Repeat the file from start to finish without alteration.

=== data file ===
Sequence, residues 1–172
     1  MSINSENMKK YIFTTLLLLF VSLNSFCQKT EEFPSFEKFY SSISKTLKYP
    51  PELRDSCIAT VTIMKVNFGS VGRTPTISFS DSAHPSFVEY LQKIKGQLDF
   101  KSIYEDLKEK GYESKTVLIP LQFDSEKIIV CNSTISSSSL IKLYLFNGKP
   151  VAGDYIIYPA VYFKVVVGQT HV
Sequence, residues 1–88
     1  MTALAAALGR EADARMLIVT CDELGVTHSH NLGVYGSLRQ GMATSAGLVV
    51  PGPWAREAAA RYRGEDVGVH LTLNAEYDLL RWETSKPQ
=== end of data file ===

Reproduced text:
Sequence, residues 1–172
     1  MSINSENMKK YIFTTLLLLF VSLNSFCQKT EEFPSFEKFY SSISKTLKYP
    51  PELRDSCIAT VTIMKVNFGS VGRTPTISFS DSAHPSFVEY LQKIKGQLDF
   101  KSIYEDLKEK GYESKTVLIP LQFDSEKIIV CNSTISSSSL IKLYLFNGKP
   151  VAGDYIIYPA VYFKVVVGQT HV
Sequence, residues 1–88
     1  MTALAAALGR EADARMLIVT CDELGVTHSH NLGVYGSLRQ GMATSAGLVV
    51  PGPWAREAAA RYRGEDVGVH LTLNAEYDLL RWETSKPQ